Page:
(NaBloPoMo for Nov. 14, 2013)

And yes, there is a point to this list … so I hope you make it to the end….

My mother was a nurse – and she particularly liked working the Maternity ward, but did not like emergency room work at all… which is rather funny, because now my daughter is a nurse who not only has excelled in her nursing career at ER work, but is now a flight nurse for medical helicopters.

My dad was a railroad maintenance worker.  He ran all kinds of machines that kept the tracks aligned, that kept the gravel neatly around the rail bed – and his career started as the steam locomotive era was coming to an end.  And also while in the line of duty on the railroad, he and his crew were instrumental in capturing a fleeing murderer.

My grandmother, before she got married, taught school in a one room schoolhouse.  Over the years, she also worked as a school cook and as a cook for a summer camp.


My grandfather sang on national radio as a member of a choir.

My uncle was on Price is Right once – winning both showcases.  Many of us in our family wish to follow in his footsteps by at least attending the show someday.

My uncle directed the Harbormasters Barbershop Choir in Duluth, Minnesota.

My father-in-law spoke nothing but Icelandic until he attended public school.  I never heard him speak it otherwise.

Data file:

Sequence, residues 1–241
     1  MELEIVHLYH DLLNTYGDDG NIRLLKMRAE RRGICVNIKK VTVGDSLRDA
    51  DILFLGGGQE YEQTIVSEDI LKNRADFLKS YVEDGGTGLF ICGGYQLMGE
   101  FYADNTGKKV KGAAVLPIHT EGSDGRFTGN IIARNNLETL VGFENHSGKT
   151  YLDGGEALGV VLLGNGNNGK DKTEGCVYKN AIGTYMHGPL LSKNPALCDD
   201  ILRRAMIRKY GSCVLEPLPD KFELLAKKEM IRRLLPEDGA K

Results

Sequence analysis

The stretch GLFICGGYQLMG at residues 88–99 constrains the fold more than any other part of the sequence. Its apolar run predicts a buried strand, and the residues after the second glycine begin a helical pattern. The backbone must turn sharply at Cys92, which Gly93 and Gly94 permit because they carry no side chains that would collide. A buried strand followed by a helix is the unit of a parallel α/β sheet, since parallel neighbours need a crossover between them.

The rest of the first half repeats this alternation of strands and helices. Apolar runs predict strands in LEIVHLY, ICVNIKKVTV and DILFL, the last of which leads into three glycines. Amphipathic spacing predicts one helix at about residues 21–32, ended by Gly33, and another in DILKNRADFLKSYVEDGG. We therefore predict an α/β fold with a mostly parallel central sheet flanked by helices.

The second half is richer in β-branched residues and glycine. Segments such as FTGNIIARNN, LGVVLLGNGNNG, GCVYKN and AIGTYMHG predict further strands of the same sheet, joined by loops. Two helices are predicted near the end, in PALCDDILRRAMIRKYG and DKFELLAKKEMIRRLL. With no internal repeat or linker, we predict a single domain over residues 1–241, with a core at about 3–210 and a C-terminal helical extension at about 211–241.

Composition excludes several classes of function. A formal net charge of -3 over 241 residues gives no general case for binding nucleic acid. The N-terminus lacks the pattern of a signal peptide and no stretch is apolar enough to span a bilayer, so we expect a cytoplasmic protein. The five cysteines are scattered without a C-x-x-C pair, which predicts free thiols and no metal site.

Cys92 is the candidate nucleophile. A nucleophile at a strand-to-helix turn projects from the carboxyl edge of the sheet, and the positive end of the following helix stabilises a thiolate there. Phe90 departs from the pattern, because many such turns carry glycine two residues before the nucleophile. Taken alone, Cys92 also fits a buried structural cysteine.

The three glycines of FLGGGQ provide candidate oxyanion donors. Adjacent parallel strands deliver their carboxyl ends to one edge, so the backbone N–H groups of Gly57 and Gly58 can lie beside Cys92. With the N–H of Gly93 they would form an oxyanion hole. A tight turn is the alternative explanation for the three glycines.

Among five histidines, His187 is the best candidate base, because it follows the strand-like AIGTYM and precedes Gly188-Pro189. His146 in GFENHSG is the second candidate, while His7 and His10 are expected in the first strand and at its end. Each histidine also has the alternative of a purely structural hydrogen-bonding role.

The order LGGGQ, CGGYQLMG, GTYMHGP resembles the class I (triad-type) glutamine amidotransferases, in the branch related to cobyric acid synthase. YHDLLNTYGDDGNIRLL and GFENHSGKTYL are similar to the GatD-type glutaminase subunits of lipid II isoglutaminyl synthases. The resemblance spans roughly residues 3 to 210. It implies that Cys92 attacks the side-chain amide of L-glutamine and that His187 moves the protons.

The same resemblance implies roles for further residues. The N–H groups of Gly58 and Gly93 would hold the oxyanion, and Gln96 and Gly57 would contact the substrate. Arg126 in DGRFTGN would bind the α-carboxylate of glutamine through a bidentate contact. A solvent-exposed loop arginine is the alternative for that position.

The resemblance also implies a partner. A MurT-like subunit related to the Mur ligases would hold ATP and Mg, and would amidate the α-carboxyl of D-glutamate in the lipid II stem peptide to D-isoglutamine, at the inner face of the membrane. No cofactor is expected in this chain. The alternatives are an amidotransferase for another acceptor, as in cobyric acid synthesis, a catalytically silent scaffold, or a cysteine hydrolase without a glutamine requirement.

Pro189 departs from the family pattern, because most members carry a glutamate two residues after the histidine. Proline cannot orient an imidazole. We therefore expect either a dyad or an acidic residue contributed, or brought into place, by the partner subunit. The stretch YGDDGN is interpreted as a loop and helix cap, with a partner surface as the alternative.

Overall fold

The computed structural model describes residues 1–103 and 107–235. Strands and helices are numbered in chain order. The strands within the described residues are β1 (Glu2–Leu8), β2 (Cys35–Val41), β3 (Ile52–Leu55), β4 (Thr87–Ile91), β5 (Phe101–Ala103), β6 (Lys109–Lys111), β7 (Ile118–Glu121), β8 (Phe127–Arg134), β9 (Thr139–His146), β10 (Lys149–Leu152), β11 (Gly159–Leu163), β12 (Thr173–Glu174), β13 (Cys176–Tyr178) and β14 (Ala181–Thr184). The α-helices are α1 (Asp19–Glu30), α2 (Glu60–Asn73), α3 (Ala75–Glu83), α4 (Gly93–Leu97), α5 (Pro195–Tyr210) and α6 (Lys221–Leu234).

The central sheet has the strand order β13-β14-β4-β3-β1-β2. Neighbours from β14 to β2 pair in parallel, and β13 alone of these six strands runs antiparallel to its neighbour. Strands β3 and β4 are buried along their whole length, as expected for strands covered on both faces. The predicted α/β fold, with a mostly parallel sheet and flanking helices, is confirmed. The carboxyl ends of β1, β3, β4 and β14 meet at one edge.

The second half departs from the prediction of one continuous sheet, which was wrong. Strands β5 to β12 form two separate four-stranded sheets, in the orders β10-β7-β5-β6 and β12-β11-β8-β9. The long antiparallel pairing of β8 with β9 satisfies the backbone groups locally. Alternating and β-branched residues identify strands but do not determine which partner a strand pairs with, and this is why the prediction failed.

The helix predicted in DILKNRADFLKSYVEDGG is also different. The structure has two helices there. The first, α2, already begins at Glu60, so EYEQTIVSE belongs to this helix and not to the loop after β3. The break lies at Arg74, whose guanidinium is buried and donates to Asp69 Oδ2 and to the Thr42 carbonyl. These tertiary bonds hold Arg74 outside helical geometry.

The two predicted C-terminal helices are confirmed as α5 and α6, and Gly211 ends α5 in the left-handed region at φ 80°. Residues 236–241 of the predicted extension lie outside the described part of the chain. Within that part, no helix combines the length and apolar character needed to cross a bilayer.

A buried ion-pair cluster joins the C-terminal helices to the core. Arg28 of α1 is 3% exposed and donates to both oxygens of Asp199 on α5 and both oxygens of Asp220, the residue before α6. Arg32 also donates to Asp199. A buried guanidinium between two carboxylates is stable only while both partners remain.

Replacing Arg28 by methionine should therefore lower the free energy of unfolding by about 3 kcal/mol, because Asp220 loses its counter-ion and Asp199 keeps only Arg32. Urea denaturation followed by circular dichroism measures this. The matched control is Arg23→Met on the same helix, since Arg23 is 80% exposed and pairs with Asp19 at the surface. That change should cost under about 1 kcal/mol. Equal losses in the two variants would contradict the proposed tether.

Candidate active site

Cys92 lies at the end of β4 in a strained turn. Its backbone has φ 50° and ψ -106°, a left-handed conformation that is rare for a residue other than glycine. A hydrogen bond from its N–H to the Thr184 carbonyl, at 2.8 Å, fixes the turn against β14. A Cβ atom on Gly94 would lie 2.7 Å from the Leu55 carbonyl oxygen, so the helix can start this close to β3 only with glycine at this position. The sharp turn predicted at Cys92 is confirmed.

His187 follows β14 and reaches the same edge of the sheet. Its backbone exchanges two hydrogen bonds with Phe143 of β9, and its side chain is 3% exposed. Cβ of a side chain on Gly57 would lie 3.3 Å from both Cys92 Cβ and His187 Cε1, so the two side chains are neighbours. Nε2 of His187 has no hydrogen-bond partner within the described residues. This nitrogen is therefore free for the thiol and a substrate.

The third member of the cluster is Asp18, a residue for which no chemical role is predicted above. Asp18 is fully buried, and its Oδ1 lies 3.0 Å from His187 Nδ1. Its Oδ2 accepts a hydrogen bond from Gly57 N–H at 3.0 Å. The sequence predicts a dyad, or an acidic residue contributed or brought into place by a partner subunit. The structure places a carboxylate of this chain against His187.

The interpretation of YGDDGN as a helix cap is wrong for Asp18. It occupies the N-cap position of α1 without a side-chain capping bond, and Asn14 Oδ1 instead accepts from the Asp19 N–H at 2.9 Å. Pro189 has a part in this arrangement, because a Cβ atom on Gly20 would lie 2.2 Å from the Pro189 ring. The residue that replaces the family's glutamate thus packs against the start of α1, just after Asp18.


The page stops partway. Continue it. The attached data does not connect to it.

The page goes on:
My son-in-law is a scuba diver and a helicopter pilot in the army.

I have a relative in Sweden who is a professional opera singer.

My high school band director once played in a band that had a guest director named John Philip Sousa.

My great-aunt and uncle once ran an Italian Restaurant in Duluth, Minnesota.

My great-uncle was a missionary in Madagascar.

My dad’s family – 9 boys and a girl – had 5 sons in the military during WWII… one killed in the Battle of  the Bulge… a sixth son died during the Viet Nam War.  His sister is an amazing athlete.

My brother-in-law sat with Kirby Puckett on a 3 hour plane ride.

My cousin, an artist in Florida, once sold a painting for a million dollars.

My brother-in-law is a backyard mechanic of unlimited skill.

My cousin married into the family of a famous Mexican composer.

My high school English teacher has published 4 novels, and is about to do his fifth.

A high school classmate is a professor at the University of Guam.

A former student is a professor at a college in upstate New York.

A couple of former students work in the area of nuclear mechanics in the navy.


With a list like this, doesn’t it seem to be a waste of time to complain about the shortcomings of the people we know?